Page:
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Oculomotor function and self-motion perception in the elderly


In animal experiments, the role of head position on visual perception was investigated in macaque monkeys. Visual receptive fields were mapped in parietal cortex neurons (VIP, MIP, LIP) using different combinations of head and eye positions for spatially defined visual targets. Our present data suggest the multiple reference frames for the coding of personal and extra-personal space in our population of intra-parietal neurons. These findings are important to assess influences of head position on the perception and spatial placement of straight-ahead or eccentric targets, as well as to contributing mechanisms for spatial disorientation during head movements, as one cause of vehicle accidents.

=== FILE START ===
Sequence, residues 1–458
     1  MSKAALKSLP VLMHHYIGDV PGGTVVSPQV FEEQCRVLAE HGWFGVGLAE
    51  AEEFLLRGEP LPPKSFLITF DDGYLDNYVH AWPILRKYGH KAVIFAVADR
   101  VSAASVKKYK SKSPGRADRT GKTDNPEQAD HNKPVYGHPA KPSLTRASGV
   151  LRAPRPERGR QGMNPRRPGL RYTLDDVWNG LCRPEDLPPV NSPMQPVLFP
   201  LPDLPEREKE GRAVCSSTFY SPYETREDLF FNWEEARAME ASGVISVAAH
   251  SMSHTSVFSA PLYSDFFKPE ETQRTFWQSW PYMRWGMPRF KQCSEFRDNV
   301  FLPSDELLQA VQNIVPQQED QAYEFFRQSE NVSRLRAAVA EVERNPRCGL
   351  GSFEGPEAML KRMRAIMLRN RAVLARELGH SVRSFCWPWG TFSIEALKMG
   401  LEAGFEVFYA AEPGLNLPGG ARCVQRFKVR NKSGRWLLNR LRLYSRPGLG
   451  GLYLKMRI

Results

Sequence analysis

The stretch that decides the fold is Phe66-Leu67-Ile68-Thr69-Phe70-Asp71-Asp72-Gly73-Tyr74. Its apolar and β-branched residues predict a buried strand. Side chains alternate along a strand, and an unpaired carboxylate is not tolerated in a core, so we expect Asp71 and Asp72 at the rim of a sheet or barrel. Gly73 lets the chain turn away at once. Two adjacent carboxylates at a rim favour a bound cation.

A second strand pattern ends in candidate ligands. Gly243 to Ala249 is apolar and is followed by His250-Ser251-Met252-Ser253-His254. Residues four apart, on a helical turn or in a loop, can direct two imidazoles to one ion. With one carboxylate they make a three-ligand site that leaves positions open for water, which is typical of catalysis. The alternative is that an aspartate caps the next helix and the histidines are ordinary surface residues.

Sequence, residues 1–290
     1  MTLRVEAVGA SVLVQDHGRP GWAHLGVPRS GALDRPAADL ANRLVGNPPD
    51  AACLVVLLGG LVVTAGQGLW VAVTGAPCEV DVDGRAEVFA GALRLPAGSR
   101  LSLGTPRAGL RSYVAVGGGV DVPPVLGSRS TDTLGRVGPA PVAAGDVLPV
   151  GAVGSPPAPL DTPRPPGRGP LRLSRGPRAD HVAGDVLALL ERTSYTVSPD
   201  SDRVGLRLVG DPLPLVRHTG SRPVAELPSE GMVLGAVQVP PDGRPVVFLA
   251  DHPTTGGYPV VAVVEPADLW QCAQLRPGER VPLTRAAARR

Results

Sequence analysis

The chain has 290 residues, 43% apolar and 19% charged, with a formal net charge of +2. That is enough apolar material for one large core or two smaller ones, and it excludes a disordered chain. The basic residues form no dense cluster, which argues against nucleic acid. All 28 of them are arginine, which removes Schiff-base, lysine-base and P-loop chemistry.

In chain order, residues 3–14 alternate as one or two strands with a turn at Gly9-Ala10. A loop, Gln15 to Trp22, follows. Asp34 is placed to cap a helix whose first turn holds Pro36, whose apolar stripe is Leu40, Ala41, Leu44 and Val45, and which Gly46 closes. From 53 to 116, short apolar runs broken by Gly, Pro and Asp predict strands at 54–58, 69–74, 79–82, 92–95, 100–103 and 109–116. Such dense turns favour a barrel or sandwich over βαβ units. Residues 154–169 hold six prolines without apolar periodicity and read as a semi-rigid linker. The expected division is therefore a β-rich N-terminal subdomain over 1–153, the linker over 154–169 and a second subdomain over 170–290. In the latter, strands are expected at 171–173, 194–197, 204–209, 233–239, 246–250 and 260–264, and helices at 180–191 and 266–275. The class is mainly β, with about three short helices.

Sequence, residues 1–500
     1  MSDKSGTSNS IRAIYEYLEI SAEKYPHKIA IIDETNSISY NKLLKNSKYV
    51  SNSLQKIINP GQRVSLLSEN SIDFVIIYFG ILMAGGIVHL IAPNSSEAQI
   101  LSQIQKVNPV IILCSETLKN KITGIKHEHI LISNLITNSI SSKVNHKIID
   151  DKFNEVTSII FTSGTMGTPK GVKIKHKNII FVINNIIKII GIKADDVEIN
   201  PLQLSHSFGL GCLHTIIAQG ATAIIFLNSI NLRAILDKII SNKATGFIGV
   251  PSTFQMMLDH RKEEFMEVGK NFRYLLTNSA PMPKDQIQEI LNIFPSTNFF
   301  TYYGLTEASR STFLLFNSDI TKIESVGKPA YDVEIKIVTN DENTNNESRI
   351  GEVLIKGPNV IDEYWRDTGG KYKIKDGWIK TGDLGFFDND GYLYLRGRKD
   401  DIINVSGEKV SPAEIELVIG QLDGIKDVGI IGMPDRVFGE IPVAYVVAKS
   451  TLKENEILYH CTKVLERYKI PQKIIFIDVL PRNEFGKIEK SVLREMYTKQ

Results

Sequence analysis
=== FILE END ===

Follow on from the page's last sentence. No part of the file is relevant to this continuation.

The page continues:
Psychophysical tests on heading perception in humans were done with a virtual reality set-up. Optic flow stimuli of different strengths simulated forward self-motion into different directions. The results suggest that older subjects are not capable to achieve better performance from higher information content, i.e., older subjects cannot process and/or make use of increased incoming information flow in the way younger subjects do. Adding noise to the visual stimulus did not deteriorate the subjects' performance significantly. In a final set of experiments visual stimuli containing horizontal disparity were presented. Interestingly, this additional information was used only for longer presentation times indicating that stereoscopic information needs an integration time before becoming available for behaviour. Our findings might have implications for the future design e.g. of head-up displays in vehicles to support driving. These displays should present a reduced amount of information at high saliency.